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So when you create a self-care plan, you need to use different self-care strategies and activities that fit into all three of the categories of physical, mental, and emotional. I am going to teach you a 5-step process on creating a self-care plan, but you will use it for each of the three different aspects of self-care.
I have created for you a list of self-care strategies and activities that are broken down into those three areas. This will help you when you create your self-care plan.
I want to note that we are focusing on a “maintenance” self-care plan, but you should consider creating an “emergency” version as well. The difference between the two is simply that during a rough/difficult/recovery from an acute event you will need to practice more intensive self-care to get you back to your baseline. For instance, when I left the hospital from my major manic episode, my sole focus was self-care to continue on the road to recovery. I wasn’t living day-to-day
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7 steps to create a self-care plan and implement balanced and positive self-care strategies and activities.
1. What do you value?
You might be surprised that this is where you should start, but it is the foundation of creating your self-care plan. What you value drives your decisions and your habits. Sometimes when fighting a chronic or mental illness, we get a bit out of sync and our actions and habits no longer match our values.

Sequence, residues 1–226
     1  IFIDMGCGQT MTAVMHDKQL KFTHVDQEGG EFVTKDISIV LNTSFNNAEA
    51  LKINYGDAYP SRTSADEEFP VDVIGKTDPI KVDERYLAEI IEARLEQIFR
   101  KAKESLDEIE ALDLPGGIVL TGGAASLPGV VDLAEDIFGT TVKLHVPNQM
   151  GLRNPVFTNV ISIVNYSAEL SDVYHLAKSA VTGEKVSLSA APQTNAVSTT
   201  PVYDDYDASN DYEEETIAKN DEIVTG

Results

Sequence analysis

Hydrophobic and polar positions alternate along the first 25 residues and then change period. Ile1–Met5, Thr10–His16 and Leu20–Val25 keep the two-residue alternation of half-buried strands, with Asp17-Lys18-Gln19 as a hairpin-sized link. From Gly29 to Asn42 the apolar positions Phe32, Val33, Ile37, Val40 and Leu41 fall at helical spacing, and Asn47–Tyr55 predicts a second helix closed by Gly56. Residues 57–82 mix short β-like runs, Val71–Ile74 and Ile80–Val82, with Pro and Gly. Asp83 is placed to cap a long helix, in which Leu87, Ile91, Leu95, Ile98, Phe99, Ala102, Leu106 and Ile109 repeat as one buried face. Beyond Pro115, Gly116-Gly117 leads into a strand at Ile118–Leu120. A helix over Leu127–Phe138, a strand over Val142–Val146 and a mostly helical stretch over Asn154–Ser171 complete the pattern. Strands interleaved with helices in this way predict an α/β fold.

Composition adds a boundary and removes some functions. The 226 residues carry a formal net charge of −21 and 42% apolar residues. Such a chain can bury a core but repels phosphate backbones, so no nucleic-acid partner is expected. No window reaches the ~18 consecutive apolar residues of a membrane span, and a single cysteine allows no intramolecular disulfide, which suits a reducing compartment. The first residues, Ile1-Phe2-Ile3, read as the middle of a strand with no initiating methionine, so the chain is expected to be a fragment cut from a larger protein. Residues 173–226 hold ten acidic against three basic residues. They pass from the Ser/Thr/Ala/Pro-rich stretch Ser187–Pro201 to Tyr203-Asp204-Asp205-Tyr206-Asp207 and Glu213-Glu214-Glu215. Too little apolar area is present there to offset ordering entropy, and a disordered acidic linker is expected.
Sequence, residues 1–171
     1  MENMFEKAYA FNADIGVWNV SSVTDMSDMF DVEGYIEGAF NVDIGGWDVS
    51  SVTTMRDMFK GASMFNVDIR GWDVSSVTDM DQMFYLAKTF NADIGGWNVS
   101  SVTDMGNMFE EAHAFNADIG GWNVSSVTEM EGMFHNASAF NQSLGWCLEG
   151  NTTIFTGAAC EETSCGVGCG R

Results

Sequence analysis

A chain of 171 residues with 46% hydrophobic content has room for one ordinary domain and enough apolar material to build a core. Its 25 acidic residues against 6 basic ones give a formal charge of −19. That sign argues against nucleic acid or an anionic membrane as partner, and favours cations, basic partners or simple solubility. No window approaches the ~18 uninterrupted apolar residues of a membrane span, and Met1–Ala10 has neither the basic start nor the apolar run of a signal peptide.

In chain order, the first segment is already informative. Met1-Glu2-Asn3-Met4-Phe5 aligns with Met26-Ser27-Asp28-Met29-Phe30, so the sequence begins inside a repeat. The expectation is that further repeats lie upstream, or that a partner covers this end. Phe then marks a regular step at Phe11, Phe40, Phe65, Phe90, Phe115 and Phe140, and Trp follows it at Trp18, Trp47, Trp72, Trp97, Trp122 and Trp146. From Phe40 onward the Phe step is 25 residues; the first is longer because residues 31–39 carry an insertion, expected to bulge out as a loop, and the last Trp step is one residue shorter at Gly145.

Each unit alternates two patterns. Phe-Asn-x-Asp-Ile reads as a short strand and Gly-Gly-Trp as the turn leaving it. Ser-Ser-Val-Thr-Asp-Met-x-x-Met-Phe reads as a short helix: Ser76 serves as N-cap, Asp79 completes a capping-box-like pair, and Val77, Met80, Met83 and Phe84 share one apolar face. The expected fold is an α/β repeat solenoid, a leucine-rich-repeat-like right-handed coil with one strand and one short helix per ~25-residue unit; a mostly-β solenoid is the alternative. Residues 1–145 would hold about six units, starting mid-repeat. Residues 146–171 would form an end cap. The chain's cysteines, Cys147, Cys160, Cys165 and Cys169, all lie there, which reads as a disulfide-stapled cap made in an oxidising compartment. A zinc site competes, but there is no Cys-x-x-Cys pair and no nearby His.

So take a minute and step back to consider what do you value most in life.
- Being present and engaging with your family (ex. spouse, kids, siblings)?
- Spending time with friends?
- Professional achievement and success in your career?
- Your faith?
- Pursuing a hobby or a passion?
- Eating healthy and exercising regularly?
- Continual learning and personal growth?
- Seeking adventure?
- Supporting a cause or volunteering in your community?
- Traveling to see the world?
2. Assess your current Self-Care Activities
Think about the things you value but are not actively engaging in or seeking. You want to make sure that as you are developing your self-care plan, you are making changes in the areas you have kind of “lost your way” in practicing or nurturing.
There may be some things you value, but are not in a point with your health that you can focus your energies on right now. That is okay because “the now” is just one of many seasons of your life. Don’t put yourself in a box and lose hope that your situation will never get better or improve in such a way that you can pursue things that are out of reach in this moment.
3. Create a list of all of the positive self-care strategies and activities you are currently doing.
Get a piece of paper out and make three columns-one for Physical Self Care, one for Mental Self-Care, and one for Emotional Self Care. Write in each column what good habits and activities are you currently doing in each category. If your list is short, don’t worry because it is a start in the right direction. When I first started focusing on self care, my list was literally 2 or 3 things;)
4. What good habits, strategies, or activities should you add to that list?
Take out a new sheet of paper and brainstorm all of the self-care strategies and activities you can think of in each category that would have a positive impact in your life. Right down even the activities that are hard for you to do right now, but that you know are best for your overall health and well-being. This won’t be a list full of bubble baths, bon-bons, and pedicures. (Are bon-bons still a thing?)
5. Refine your focus.
Now, go back to your first list of things you currently do that are good self-care activities and practices. Take 2 or 3 ideas (in each category) from your brainstorm and add them to that list.